Rural Missouri - August 2021 - 25
by Savanna Kaiser |
he sun is drifting toward the western horizon,
leaving in its wake a vibrant sky of pink and red
over Springfi eld. The frogs have begun their evening
song. A warm breeze stirs the river's current.
T.J. Holman lives for moments like these - quiet sunset
paddles on a perfect summer night in the Ozarks.
Born on the Mississippi, T.J. says the river runs in his
blood. He'd always dreamed of trying stand-up paddleboarding,
also known as SUP, but never expected it to
change his life the way it has.
After losing his mom to a brain aneurysm in 2015, and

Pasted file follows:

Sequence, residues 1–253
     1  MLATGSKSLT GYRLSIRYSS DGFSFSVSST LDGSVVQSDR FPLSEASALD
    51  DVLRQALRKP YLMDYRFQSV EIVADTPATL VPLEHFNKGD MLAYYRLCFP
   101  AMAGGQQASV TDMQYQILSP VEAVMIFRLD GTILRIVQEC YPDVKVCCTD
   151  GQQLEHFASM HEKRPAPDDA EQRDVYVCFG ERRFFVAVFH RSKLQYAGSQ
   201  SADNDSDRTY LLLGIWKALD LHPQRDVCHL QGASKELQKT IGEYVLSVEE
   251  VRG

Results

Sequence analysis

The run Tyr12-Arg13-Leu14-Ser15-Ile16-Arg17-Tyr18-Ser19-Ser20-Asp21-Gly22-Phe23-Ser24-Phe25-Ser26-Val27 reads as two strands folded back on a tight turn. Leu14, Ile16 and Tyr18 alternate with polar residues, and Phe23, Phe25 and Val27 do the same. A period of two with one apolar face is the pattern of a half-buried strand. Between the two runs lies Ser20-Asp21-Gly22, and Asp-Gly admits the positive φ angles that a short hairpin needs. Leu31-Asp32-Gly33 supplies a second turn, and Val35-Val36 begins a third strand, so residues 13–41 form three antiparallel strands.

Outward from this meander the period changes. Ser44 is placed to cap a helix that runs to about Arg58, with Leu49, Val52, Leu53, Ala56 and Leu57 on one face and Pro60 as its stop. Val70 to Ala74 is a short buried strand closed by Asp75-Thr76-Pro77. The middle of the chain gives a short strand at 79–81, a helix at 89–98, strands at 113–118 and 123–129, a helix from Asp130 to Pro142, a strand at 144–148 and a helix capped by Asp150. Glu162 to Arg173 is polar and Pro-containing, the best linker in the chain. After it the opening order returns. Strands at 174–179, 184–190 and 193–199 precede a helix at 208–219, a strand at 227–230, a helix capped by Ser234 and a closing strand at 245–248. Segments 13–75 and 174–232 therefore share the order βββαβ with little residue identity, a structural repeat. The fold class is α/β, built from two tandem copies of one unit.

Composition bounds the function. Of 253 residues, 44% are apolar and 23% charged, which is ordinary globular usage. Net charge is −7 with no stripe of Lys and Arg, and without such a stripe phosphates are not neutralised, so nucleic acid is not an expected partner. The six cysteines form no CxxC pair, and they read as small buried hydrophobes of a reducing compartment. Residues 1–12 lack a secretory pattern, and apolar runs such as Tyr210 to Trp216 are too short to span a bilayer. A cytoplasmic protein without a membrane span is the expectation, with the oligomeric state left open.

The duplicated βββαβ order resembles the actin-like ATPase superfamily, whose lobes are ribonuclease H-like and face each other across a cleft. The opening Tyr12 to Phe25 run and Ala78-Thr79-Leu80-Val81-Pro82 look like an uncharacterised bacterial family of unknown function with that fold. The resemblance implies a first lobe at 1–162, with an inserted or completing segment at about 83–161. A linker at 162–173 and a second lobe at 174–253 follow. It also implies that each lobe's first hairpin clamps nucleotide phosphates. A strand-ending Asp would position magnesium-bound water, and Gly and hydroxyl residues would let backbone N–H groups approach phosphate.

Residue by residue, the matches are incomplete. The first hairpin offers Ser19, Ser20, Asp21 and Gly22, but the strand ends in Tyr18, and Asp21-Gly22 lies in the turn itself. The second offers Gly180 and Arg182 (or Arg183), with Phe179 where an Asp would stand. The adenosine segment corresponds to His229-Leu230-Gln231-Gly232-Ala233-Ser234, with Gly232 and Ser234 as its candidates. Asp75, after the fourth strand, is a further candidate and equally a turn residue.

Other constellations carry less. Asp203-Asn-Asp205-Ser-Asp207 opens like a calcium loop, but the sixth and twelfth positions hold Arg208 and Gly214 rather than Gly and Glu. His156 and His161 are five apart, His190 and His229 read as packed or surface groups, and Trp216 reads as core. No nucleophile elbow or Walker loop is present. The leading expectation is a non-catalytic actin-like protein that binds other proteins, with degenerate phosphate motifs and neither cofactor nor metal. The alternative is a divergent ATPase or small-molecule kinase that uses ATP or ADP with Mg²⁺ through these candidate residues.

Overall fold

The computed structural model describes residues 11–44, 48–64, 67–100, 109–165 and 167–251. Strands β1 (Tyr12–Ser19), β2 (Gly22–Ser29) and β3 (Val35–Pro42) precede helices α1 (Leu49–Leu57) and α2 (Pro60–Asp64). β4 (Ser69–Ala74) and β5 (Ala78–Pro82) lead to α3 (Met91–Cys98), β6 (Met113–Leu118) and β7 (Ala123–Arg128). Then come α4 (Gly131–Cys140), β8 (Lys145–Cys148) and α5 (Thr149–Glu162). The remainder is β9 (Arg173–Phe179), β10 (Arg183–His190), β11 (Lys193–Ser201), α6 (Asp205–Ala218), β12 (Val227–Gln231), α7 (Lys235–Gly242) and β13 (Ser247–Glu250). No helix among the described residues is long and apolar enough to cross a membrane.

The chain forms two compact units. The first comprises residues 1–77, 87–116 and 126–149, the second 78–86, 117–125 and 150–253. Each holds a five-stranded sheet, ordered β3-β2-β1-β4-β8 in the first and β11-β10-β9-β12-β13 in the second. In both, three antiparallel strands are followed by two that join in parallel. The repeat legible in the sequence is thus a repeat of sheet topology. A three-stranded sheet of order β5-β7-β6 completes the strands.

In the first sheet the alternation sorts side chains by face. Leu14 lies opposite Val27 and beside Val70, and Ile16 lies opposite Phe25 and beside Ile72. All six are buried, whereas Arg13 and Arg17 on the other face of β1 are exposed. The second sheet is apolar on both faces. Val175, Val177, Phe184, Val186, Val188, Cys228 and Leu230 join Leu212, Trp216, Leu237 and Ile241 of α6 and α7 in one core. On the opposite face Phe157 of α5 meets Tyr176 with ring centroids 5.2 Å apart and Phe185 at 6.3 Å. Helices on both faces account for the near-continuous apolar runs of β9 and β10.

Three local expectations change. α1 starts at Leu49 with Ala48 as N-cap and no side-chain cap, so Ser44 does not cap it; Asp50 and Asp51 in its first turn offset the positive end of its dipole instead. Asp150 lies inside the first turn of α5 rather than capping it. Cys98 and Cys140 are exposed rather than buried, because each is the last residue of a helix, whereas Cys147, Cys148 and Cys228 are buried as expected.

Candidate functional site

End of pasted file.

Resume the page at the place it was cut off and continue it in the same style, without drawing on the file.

consequently his job at her company, T.J. struggled with
health issues and gained weight. His friend, Shane, who
owns SUP St. Louis, offered to build him a board that
would support his 425 pounds.
" I'd never paddleboarded a day in my life, but I caught
the bug. I took that board home, got up the next morning
and was on it all day, six days a week, to the point where
my wife asked if I was ever going to come home, " he says
with a laugh.
The more T.J. did it, the better he felt. By the following
year, he had lost 125 pounds and joined Shane on a
six-man board - the fi rst of its kind - for the MR340, an
annual race from Kansas City to St. Louis on the Missouri
River. From solo paddlers to 40-foot long boats that carry
12 to 14 paddlers, the race draws hundreds of
participants, including Olympians and professional
canoe and kayak racers. " We're talking
340 miles in 88 hours, " T.J. says. " It's an insane
event to be a part of, and that race is what fueled
me to want to teach people to do this. "